Stony Brook University’s Undergraduate Student Government allows for clubs to apply for money in the form of grants on top of the club’s predetermined budget. Many clubs use these grants, commonly referred to as an Event Grant or Asset Grant, to help them host events, pay for tournaments or purchase materials and supplies for the club. Yet with the passing of two Asset Grants and seven Event Grants at the senate meeting this week, USG is left with $7,000 for the rest of the semester to use towards these grants.
“We’re going to try and be frugal with the money,” USG Treasurer Thomas Kirnbauer said. “If a club deserves it, we will give it to them.”
Kirnbauer said USG will be awarding grants on a first come, first serve basis with precedence to those clubs who are applying for a grant for their first time. Once the money is gone, there will be no more grants, Kirnbauer said.
“There is more than enough time to try for funding,” he said, while warning that the money will eventually run out, and probably soon.
USG is not planning on adding extra money for the grants but it still remains a possibility.
According to Executive Vice President Deborah Machalow, USG had $85,000 at the beginning of the academic year to put towards Event Grants.
Kirnbauer said the money for the grants depleted “quicker than expected” and that USG did not spend more than half of the money allocated for the grants in the Fall semester.
However, with multiple applications for large grants from many clubs, such as the $20,000 Asset Grant that was approved during this week’s meeting for the Sailing Club to buy boats, the money was spent quickly. Kirnbauer said the money was spent so quickly because it was a new opportunity for clubs to take advantage of, which they were made well aware of at the beginning of the year.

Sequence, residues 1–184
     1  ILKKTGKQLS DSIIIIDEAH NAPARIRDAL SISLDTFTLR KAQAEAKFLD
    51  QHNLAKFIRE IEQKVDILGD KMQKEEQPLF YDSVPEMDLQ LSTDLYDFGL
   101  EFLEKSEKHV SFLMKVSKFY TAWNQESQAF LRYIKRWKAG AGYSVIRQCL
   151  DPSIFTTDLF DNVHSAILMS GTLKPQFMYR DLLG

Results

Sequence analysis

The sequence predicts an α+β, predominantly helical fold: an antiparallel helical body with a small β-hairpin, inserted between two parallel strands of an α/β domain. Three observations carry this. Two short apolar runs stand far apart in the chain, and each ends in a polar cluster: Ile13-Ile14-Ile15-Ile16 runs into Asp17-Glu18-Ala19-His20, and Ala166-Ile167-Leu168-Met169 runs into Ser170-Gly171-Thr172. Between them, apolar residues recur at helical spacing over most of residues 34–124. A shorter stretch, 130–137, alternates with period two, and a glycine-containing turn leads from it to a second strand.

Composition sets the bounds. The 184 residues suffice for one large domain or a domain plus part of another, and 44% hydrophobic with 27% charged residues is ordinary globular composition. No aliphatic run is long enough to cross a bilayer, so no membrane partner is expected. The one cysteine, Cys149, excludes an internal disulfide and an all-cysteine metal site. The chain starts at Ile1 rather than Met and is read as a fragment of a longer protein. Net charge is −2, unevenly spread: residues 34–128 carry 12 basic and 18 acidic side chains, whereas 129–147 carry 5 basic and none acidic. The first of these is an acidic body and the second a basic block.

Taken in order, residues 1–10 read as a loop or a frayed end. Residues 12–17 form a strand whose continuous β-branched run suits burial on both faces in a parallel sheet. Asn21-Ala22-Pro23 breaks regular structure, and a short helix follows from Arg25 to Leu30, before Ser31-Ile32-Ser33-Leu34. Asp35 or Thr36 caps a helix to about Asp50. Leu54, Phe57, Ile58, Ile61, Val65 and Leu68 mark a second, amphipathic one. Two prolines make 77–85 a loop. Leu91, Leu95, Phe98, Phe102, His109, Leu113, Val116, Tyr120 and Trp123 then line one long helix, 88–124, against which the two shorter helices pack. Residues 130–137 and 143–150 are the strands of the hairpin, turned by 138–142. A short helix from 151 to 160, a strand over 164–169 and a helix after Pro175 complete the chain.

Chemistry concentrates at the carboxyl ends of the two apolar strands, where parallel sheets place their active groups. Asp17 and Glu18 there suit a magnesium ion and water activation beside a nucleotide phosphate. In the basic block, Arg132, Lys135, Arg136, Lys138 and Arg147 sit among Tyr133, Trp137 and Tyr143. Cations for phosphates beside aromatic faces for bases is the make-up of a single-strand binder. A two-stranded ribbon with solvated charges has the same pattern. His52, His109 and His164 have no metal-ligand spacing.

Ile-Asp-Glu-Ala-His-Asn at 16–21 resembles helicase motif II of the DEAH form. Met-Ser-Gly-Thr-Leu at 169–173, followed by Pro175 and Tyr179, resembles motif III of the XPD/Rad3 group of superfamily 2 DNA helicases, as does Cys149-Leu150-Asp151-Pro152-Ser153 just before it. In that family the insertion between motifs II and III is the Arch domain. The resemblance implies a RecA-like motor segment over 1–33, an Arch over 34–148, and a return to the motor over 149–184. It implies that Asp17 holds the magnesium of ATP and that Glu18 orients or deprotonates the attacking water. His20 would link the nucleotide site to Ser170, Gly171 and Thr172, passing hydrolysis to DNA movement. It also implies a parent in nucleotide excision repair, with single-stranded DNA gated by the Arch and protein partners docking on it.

“It’s a new system that the senate is operating under,” Machalow said. “There was no such thing as event grants in the old financial bylaws. It takes a lot to work out the kinks and this is one of the kinks. I wish there was more money in the pot.”
The money for the grants comes from a rollover process of money left over at the end of the academic year. It is USG’s annual goal to spend their entire budget, but Machalow said approximately $200,000 is usually left over. According to the financial bylaws, “at least 40% of the previous Academic Year’s rollover budget shall be allocated for Event Grants.”
There were more Asset Grants this year than Machalow could remember in years past. This and the creation of Event Grants helped deplete the money more quickly than anyone was expecting.
USG President Mark Maloof created an executive order at the beginning of the semester to rewrite the financial bylaws, according to Machalow. “If it goes through, there will be graphic changes to the bylaws and the event grant process,” she said.
Machalow said she hopes the clubs will react positively because USG is trying to incorporate ideas from the clubs but she does “think there’s going to be some confusion because [the senate] would have rewritten a major piece of legislation essentially twice in one year.”
This quick depletion and soon to be lack of money will not affect on-campus events not hosted by clubs. Machalow said that the budget for the spring concert and other events comes from a different pool of money, one that the Student Activities Board controls. Therefore, USG and SAB will be able to host events as planned. Only clubs who were in need of extra money and planning on receiving it through these grants will be affected.

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